Gaming Used to Support Moral Decision-Making
Hershey, PA – February 2, 2010 – Ethics and games are emerging as a very popular field of study. As such, there has become a need to define the field in terms of its primary challenges and the current state of the discipline.
According to Karen Schrier, a doctoral student at Columbia University, “the field can be broadly defined as the study of using games to support ethical thinking, reasoning, and reflection, as well as the ethical implications of game development choices, design possibilities, and distribution methods.”
As such, this novel field of research embraces a number of related disciplines, including philosophy, game design, learning theory, cognitive science, psychology, and social theory. Schrier points out that ethics and game design ultimately challenges us to “reevaluate what it means to be human and gain insight into our own humanity.”
One of IGI Global’s latest releases, “Ethics and Game Design: Teaching Values through Play” (edited by Karen Schrier, Columbia University, USA and David Gibson, University of Vermont, USA), is the first book in its field to challenge scholars and researchers to answer questions such as: How can game design be improved to foster ethical thinking and discourse? What are the theories and methodologies that will help us understand, model, and assess ethical thinking in games? How do we use games in classrooms and informal educational settings to support moral development? This distinguished publication approaches such questions from a multidisciplinary perspective with the ultimate goal of inspiring further interdisciplinary dialogue and research in order to continue building the ethics and games community.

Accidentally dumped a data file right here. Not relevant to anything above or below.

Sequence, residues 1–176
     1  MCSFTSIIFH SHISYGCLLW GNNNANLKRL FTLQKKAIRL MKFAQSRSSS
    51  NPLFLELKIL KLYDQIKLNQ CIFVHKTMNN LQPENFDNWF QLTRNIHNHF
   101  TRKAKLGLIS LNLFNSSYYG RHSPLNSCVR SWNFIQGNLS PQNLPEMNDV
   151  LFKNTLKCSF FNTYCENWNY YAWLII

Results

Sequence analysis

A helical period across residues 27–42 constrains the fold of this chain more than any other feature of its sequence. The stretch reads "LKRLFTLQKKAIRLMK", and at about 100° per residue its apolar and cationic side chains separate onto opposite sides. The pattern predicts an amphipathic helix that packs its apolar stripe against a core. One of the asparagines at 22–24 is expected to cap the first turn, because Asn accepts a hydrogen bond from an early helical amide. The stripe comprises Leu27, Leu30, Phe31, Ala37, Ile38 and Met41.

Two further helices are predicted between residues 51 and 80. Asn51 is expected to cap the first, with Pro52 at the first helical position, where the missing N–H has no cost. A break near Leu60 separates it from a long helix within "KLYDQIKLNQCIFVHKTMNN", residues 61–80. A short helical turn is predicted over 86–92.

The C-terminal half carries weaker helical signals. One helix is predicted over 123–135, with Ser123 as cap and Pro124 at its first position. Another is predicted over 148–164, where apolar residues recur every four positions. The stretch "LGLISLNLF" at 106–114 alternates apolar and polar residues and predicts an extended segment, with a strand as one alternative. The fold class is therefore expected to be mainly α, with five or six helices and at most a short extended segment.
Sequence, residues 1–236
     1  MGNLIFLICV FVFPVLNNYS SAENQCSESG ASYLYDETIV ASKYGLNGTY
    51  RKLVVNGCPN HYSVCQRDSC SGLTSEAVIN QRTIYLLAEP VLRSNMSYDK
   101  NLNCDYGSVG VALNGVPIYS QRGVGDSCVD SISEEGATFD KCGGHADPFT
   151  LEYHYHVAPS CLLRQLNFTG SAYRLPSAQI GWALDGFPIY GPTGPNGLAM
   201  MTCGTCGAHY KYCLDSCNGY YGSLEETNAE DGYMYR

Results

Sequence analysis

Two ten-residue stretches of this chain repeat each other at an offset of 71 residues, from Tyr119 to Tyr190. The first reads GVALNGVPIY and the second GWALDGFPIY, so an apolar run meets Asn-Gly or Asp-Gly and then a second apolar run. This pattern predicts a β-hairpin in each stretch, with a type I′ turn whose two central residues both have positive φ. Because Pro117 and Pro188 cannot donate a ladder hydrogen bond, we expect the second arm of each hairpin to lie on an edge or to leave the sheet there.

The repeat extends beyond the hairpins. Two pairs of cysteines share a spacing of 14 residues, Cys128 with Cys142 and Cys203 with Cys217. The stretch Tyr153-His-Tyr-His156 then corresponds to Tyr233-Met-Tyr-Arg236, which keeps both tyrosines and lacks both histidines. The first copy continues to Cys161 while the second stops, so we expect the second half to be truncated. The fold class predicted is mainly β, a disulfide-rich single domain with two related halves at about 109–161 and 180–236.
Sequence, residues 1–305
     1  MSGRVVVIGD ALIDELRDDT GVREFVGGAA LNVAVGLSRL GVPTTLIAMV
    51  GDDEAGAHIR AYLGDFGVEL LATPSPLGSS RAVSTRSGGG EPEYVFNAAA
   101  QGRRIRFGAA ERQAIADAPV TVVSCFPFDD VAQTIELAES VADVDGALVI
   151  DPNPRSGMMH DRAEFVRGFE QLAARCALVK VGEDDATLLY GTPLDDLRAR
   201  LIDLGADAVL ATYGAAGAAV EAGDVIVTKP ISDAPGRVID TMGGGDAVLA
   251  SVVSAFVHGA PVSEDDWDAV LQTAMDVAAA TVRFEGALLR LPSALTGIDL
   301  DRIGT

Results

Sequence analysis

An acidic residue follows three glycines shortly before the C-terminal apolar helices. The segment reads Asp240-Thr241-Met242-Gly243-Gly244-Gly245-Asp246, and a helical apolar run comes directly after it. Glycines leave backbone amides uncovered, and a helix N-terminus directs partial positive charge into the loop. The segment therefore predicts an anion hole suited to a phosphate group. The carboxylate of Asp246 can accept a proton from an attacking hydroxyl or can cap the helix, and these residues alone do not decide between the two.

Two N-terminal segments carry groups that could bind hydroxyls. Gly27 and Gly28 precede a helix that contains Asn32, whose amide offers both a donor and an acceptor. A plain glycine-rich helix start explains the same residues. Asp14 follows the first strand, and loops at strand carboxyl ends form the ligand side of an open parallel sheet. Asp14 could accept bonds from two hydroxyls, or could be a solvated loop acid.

Schrier notes that “each author in this volume uses a unique perspective to frame the problem: some implement cognitive or social psychology methodologies, others come from a design background, some focus on pedagogical theories, while others employ a philosophical angle.” The list of contributors is comprised of designers and practitioners, researchers, and theorists—many of them are all three. This dynamic, multidisciplinary approach is well-suited for readers searching for a different perspective on ethics and games in order to guide their own exciting research initiatives and to incite further interdisciplinary dialogue on such a captivating field of study.
To learn more, please visit http://new.igi-global.com/Bookstore/TitleDetails.aspx?TitleId=37269.
To arrange for an interview with the editor or to request an electronic copy of the publication for review, please contact Gregory Guenther at email@example.com.
If you are interested in this title, you may also be interested in these other titles that IGI Global is releasing this month:
“Second Language Distance Learning and Teaching: Theoretical Perspectives and Didactic Ergonomics” (http://new.igi-global.com/Bookstore/TitleDetails.aspx?TitleId=37281).
“Web-Based Education: Concepts, Methodologies, Tools and Applications” (http://new.igi-global.com/Bookstore/TitleDetails.aspx?TitleId=37275).
About IGI Global
Since 1988, IGI Global has provided comprehensive research not just on computer science and information technology management, but also on how information technology affects human activities and interactions. IGI Global is a leading multimedia publisher of books, reference works, journals, encyclopedias, teaching cases, proceedings, and databases covering the areas of education, social science, library science, healthcare, business management, public administration, and computer science. Information on all of IGI Global's authoritative resources can be found at www.igi-global.com. IGI Global's office is located in Hershey, PA, USA.